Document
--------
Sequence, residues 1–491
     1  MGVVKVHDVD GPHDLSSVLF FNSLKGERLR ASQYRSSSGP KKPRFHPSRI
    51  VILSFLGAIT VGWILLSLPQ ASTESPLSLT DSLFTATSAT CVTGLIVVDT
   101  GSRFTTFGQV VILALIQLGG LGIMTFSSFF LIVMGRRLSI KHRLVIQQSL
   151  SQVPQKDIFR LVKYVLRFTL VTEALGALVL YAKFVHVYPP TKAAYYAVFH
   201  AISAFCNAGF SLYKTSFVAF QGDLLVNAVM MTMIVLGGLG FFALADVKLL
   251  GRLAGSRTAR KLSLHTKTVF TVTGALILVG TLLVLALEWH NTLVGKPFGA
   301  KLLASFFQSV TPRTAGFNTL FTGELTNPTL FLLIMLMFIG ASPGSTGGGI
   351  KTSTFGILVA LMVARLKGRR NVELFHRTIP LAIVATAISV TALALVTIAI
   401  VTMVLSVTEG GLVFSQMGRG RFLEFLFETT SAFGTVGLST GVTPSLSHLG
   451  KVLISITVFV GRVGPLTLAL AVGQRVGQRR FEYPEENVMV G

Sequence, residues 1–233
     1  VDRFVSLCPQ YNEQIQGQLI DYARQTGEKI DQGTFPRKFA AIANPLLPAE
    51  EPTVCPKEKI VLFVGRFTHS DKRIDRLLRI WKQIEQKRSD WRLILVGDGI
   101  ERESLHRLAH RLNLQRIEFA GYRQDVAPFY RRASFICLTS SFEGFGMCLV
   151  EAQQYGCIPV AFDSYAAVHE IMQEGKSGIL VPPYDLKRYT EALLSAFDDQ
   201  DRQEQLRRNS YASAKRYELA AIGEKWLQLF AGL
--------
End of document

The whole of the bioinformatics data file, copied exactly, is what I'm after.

Sequence, residues 1–491
     1  MGVVKVHDVD GPHDLSSVLF FNSLKGERLR ASQYRSSSGP KKPRFHPSRI
    51  VILSFLGAIT VGWILLSLPQ ASTESPLSLT DSLFTATSAT CVTGLIVVDT
   101  GSRFTTFGQV VILALIQLGG LGIMTFSSFF LIVMGRRLSI KHRLVIQQSL
   151  SQVPQKDIFR LVKYVLRFTL VTEALGALVL YAKFVHVYPP TKAAYYAVFH
   201  AISAFCNAGF SLYKTSFVAF QGDLLVNAVM MTMIVLGGLG FFALADVKLL
   251  GRLAGSRTAR KLSLHTKTVF TVTGALILVG TLLVLALEWH NTLVGKPFGA
   301  KLLASFFQSV TPRTAGFNTL FTGELTNPTL FLLIMLMFIG ASPGSTGGGI
   351  KTSTFGILVA LMVARLKGRR NVELFHRTIP LAIVATAISV TALALVTIAI
   401  VTMVLSVTEG GLVFSQMGRG RFLEFLFETT SAFGTVGLST GVTPSLSHLG
   451  KVLISITVFV GRVGPLTLAL AVGQRVGQRR FEYPEENVMV G

Sequence, residues 1–233
     1  VDRFVSLCPQ YNEQIQGQLI DYARQTGEKI DQGTFPRKFA AIANPLLPAE
    51  EPTVCPKEKI VLFVGRFTHS DKRIDRLLRI WKQIEQKRSD WRLILVGDGI
   101  ERESLHRLAH RLNLQRIEFA GYRQDVAPFY RRASFICLTS SFEGFGMCLV
   151  EAQQYGCIPV AFDSYAAVHE IMQEGKSGIL VPPYDLKRYT EALLSAFDDQ
   201  DRQEQLRRNS YASAKRYELA AIGEKWLQLF AGL